What is a Bond Ladder?

Recently, with interest rates climbing, more people are starting to invest in bonds. It pays to know some of the different strategies you can use with bonds to bring in a steady stream of income while minimizing your risks. A question I often see on forums is:

“I have 10K that I want to invest, but I need the money in a year. Where do I invest it?”

Sometimes people have a hard time locking up the entire investment for a given period. For example, with I-bonds, you can’t pull them out for an entire year. Maybe you’re concerned you might need the money? Maybe it would put your mind at ease to have access to some of it. What else can you do besides buy a 1-yr Treasury note? 1 yr CD? Ibonds? This is where bond ladders come in handy.

Bond Ladders

One strategy is what’s called a bond ladder. A bond ladder sets it up to where pieces of your initial investment is returned to you over regular intervals. You’ll always have access to some portion of your initial investment. You can build a bond ladder in a number of ways:

Bond Ladder Example one:

You could purchase Treasuries at five different durations: $2000 each: 4 weeks, 8 weeks, 13 weeks, 26 weeks (6 months), and 1 year. You will always have $2000 plus your interest payments coming in each month. In some cases, when the 4 week and 8 week run concurrent, you’ll have $4000 coming in plus interest payments. This approach works well If your main concern is having access to the money. Over time, you essentially get more access to more of your cash.

The beauty of this approach is when the one month Treasury bill comes due, you take the amount and re-invest it into another one month Treasury (hopefully at a higher interest rate). You repeat this over and over until one year is up. At the same time, you do the same for the 8 week treasury bill as well after 8 weeks. The longest one, the one-year Treasury, is the only one that never comes due before the end of a year. At no point will you feel like all of your money is being tied up. At no point will you have one set in stone rate you are earning. If interest rates move higher after you buy your first bonds, you’ll have another opportunity to purchase bonds at a higher rate. This reduces your market risk.

Bond Ladder Example two:

You purchase an 8 week Treasury bill for $2000, then you put the next $2000 into a different 8 week Treasury (16 weeks after your initial investment), and so on. Here you are keeping the duration and amount the same, but are waiting every 8 weeks to start a new investment period. One issue with this approach is you will get your money invested slower as you’ll have to wait 8 weeks for the 2nd investment period, 16 weeks for the 3rd investment period and so forth. It will take a total of 40 weeks to get your entire $10K invested.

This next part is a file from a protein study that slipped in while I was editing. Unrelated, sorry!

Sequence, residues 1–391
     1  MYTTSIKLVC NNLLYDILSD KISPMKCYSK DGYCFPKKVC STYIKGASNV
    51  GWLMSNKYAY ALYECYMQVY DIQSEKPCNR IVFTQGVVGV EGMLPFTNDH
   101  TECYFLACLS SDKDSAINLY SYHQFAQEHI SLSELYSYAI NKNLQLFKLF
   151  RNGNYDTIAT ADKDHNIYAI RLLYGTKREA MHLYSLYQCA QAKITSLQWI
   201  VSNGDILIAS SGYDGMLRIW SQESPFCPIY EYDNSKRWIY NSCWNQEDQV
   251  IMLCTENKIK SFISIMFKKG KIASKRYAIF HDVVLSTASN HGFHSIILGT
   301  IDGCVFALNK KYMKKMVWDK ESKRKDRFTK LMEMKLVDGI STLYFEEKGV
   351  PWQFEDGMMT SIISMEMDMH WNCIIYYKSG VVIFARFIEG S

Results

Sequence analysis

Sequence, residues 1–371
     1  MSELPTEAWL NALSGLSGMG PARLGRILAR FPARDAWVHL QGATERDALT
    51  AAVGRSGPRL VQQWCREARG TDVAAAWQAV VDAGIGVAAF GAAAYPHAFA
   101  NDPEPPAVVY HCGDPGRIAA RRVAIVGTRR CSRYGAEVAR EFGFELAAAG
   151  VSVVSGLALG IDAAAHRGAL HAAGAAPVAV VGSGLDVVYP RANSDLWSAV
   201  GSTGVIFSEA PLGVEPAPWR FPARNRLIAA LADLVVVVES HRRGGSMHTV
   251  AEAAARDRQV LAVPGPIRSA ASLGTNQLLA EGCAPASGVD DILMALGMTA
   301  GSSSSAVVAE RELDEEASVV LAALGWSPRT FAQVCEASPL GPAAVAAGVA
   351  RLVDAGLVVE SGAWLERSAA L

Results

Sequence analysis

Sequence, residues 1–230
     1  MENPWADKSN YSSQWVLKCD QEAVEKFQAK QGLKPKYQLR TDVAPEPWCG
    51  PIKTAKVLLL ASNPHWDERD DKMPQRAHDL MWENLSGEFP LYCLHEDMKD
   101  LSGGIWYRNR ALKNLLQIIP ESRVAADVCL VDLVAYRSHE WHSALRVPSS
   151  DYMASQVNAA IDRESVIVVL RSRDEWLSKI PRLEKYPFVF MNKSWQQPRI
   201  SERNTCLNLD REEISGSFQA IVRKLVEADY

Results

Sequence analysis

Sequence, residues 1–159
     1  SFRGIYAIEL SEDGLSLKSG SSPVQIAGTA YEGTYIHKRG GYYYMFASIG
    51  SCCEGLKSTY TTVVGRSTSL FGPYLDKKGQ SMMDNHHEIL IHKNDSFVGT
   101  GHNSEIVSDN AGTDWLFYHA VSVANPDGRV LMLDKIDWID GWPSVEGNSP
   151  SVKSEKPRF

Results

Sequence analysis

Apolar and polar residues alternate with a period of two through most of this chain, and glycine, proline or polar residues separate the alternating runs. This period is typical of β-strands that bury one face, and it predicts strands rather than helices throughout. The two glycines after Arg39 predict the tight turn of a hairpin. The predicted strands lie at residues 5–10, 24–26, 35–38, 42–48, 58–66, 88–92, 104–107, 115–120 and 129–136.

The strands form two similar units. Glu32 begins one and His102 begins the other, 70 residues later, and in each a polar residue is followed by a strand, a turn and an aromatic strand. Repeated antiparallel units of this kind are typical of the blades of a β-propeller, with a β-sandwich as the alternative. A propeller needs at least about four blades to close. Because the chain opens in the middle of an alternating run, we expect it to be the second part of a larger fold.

One main disadvantage to this is you aren’t taking advantage of various areas of the yield curve. You are always buying the same duration no matter what. In some cases, it may pay to buy the 1 year Treasury (or longer) at a higher rate.

Bond Ladder Example three:

You could come up with various hybrid approaches. For example, you could put in $2000 for short-term bills and only $1000 for the longer-term bills. This is type of the approach I’ve taken with some of my own bond ladders. I do this because I already have money locked into i-bonds for a year and I don’t want to commit larger sums of cash to longer bonds.

Decisions on how much to dedicate to what part of the yield curve will partly be driven by which direction you think interest rates are going. If you think interest rates are headed higher, you would lock up less money for longer-duration bonds. If you believe interest rates are going lower, then you purchase things at higher rates on the long end of the curve.

At the same time, I must warn you, it is almost impossible to predict where rates are going long-term.


Pros of a Bond Ladder

  • In an environment where the interest rate is rising, your lower yielding bonds are replaced with higher yielding bonds at regular intervals.
  • You never feel like all of you cash is tied up for an extended period of time.
  • Cash flow is coming in at regular intervals.
  • Reduces market risk.

Which this approach, if you buy a 1 month Treasury bill at a rate of 3.3% and then rates move up to 3.5%, you can quickly purchase a new bond at the new rate. Otherwise, without a ladder, you would only have a one-year Treasury that is locked at a given rate. That given rate could be lower than one later in the year.

The best thing about this approach is you are always getting income every single month. You don’t have to wait a year to see your first return (a psychological benefit).

Lastly, you always have pretty quick access to some portion of your capital if there is a crazy emergency in your life.

Closing Thoughts

Hopefully you now have a good idea how to create a bond ladder. I think bond ladders are a great choice when you have money that you plan on using for a down payment, yet you are leery of locking it up for an extended period of time. It also works well during rising interest rates or in times of uncertainty.

Wishing you the best on your investment Journey

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